There are a few popular trends in games and toys that seem to linger long in our memories, and become greater than the sum of their parts. Introduced by Milton Bradley in 1967, the Lite-Brite happens to be one of them.
In the original Lite-Brite kit, the templates included popular TV characters such as Mickey Mouse, My Little Pony and Scooby-Doo. The kit included eight peg selections: blue, red, yellow, orange, pink, purple and clear. No doubt, Lite-Brite’s enduring popularity owes more than a little to the creative outlet it’s provided millions of children and adults alike.
When it was first introduced, Lite-Brite essentially was a flat screen, but as the game evolved and Milton Bradley merged with Hasbro, it became a three-dimensional cube and now has evolved into travel size and boy/girl models. There’s now even an app so users can play with Lite-Brite on their tablets.
In tribute to its popularity, Lite-Brite has the honor of being named number 55 on Time magazine’s All-Time 100 Greatest Toys list.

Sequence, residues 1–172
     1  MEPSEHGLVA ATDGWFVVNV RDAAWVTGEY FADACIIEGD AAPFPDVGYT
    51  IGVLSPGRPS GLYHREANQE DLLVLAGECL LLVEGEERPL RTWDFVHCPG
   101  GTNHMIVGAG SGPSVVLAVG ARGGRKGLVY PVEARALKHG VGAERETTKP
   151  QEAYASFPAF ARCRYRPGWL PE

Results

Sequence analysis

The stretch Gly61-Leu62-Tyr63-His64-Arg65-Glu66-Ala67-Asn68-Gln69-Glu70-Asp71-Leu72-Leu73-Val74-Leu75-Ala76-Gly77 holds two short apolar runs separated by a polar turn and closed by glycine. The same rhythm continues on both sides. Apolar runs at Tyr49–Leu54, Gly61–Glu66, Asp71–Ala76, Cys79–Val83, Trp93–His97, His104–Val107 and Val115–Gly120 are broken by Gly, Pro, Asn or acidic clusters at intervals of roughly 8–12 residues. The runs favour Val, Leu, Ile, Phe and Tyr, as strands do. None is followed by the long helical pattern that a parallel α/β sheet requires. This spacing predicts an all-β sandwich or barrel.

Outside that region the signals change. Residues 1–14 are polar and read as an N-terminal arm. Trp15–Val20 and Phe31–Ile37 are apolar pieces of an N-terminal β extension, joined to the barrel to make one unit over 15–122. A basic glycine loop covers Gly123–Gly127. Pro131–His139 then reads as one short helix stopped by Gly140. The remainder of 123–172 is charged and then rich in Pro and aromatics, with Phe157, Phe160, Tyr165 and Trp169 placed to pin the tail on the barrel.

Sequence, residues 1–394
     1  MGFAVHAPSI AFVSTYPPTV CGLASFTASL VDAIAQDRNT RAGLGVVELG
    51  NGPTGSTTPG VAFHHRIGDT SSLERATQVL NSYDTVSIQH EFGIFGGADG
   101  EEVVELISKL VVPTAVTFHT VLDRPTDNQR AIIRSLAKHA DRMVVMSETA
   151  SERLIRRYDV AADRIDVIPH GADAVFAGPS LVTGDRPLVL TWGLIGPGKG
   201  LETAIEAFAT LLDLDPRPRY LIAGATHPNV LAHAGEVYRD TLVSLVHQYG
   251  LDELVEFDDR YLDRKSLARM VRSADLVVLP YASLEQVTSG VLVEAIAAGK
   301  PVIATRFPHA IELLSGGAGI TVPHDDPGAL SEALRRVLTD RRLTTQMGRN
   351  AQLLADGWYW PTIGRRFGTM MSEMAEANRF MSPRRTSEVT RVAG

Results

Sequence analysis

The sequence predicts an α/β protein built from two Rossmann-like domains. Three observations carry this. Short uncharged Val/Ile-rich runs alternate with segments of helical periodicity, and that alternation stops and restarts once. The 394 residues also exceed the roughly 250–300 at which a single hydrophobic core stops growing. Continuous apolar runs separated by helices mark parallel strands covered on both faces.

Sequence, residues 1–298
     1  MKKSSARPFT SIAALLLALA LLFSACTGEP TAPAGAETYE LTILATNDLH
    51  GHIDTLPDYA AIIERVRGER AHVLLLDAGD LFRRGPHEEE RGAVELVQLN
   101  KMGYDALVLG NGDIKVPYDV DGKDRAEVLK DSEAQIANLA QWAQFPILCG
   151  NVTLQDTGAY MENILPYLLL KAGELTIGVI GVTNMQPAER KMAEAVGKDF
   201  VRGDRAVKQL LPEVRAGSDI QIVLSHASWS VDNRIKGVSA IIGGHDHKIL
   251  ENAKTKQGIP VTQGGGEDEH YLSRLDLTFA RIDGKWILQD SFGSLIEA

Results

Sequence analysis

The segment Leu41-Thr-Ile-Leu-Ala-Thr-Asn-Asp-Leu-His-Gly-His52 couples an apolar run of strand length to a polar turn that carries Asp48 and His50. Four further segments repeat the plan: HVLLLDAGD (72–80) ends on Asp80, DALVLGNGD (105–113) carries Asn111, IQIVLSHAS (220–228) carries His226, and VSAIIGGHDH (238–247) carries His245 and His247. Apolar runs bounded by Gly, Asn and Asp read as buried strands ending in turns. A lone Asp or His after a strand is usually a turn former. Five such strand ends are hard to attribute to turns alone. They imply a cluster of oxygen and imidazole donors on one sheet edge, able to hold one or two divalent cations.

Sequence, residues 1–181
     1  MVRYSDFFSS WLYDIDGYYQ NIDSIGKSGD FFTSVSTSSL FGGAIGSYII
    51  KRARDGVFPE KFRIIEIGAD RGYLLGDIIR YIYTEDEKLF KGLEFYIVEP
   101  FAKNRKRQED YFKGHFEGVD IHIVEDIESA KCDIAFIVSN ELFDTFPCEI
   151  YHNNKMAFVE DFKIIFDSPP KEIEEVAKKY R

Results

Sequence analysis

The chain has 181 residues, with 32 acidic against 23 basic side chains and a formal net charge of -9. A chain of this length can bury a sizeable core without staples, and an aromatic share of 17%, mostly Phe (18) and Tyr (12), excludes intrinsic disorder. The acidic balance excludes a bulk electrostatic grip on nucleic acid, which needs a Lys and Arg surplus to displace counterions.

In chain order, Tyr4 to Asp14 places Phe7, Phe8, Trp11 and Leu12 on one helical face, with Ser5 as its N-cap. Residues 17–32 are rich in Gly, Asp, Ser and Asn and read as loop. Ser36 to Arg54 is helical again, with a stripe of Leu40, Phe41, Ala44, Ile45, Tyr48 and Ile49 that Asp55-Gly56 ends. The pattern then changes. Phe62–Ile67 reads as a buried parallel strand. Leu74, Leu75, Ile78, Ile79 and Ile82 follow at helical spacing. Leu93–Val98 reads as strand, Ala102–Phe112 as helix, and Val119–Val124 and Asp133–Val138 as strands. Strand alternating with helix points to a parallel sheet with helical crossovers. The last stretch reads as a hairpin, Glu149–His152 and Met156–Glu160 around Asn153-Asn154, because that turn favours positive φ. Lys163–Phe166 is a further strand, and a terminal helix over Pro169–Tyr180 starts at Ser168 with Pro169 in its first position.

It’s amazing to consider how, with just a few colored pegs and a pegboard, this creative toy has continued to entertain children for more than 40 years. And, we’re happy to say, it doesn’t look like its bright light will be extinguished any time soon.
In one of the most fascinating uses of the kit ever, the Waco, Texas-based David Crowder Band used Lite-Brite in a music video called “SMS (Shine).” Employing stop-motion animation, and with absolutely no computer graphics or special effects, the band members and 83 of their closest friends used more than 700,000 vintage Lite-Brite pegs to create the video over the course of 2,150 hours and 148 pizzas.
Want to test how bright your Lite-Brite I.Q. is? Click Here and take our trivia quiz.